1. Although it can be extremely easy to forget to have fun, though getting out and about can be amazing for self-care. Starting on November 24, Rosa Parks Circle opens for ice skating at only $3.00 per adult, including skate rentals. While you’re downtown, check out the Grand Rapids Griffins, single tickets can be as low as $19, though many student orgs sell them at a discounted rate on campus. Grand Valley also has an event on Monday, December 4 with French Music for the Holiday season that you don’t want to miss.

Although there are only 6 weeks left until the end of fall semester, take advantage of campus resources and downtown Grand Rapids before heading home!

 

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Alumni Post: What Adulting is Actually Like

Being a recent graduate of the Honors College, I knew that if I had survived my Honors sequence, I could survive anything–not really, but those are tough! What I wasn’t ready for was the transition from college to being an adult. Everybody always says “adulting is hard,” but I always thought that the statement in large part was sarcastic. What I wasn’t ready for was how very true  it  was. Although the transition from being in college to working a full-time job and other adult responsibilities has its challenges, I’ve learned in my six months of being a college graduate that it’s important to keep the same good habits that we learn in college.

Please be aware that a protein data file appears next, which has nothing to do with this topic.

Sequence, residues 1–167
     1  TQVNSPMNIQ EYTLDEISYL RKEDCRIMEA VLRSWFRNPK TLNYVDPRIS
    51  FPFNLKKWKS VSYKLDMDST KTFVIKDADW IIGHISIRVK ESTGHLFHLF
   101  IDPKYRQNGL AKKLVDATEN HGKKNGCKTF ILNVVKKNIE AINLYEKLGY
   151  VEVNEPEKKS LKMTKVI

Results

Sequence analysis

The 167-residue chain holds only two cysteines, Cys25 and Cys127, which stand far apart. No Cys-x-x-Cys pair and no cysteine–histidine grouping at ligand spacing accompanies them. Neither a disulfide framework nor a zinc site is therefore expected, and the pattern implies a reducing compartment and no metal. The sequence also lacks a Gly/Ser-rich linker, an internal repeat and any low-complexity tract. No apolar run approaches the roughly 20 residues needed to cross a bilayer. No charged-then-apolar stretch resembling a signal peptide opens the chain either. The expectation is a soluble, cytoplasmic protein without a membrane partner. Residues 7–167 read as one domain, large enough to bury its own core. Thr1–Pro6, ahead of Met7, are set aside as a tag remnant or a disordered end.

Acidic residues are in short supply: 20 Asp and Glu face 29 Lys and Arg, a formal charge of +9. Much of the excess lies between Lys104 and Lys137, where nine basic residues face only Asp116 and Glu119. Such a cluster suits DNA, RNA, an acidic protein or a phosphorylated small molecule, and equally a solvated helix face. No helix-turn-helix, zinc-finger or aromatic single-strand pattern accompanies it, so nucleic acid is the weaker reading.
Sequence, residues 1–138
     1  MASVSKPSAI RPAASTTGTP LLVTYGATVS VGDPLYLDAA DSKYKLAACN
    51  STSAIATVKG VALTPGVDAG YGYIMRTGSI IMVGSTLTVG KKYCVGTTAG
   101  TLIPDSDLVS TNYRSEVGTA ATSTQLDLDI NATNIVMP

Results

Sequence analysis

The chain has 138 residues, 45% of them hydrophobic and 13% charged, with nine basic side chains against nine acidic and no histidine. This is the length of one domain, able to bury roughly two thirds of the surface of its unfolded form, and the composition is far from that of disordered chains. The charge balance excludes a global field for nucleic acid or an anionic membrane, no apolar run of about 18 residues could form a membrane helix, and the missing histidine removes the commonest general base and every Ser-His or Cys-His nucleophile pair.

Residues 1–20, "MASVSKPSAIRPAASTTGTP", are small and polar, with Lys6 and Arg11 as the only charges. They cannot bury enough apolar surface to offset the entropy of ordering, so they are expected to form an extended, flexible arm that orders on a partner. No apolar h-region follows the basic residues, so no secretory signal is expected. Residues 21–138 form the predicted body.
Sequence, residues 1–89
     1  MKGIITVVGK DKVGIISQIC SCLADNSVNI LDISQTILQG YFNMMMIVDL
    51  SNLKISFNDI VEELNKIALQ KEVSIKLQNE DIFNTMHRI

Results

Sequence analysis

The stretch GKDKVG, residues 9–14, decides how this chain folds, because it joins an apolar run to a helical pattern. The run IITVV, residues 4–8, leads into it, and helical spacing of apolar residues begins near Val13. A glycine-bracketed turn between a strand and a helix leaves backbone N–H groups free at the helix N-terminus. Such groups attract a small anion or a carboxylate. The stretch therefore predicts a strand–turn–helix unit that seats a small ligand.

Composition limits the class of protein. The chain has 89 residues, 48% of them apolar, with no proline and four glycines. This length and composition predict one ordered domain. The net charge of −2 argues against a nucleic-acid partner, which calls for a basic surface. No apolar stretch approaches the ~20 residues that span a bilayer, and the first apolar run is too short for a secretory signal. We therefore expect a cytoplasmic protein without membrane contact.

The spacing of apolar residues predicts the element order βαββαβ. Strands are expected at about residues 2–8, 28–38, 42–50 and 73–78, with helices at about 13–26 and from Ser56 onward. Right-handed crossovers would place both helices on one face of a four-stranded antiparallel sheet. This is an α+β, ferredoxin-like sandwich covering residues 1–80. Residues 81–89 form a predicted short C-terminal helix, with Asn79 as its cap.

In July I went through a lot of life changes: I began working at Whirlpool Corporation in their Internal Audit area, moved to a new city, moved into an apartment for my first time (I was a Resident Assistant in freshmen dorms for three years at Grand Valley), and have been attempting to do other adult-like things. In addition to all of these changes, starting in Internal Audit was an unfamiliar department for me as I had never studied it while in the Business College.

Yet even when I felt like I was in over my head, my college habits seemed to always come in handy. My Honors Sequence always challenged me to ask questions and further my curiosity, so why couldn’t it apply here too? I found myself diving into areas that I had never seen before, and asking the really tough questions, because that was what Honors had prepared me to do.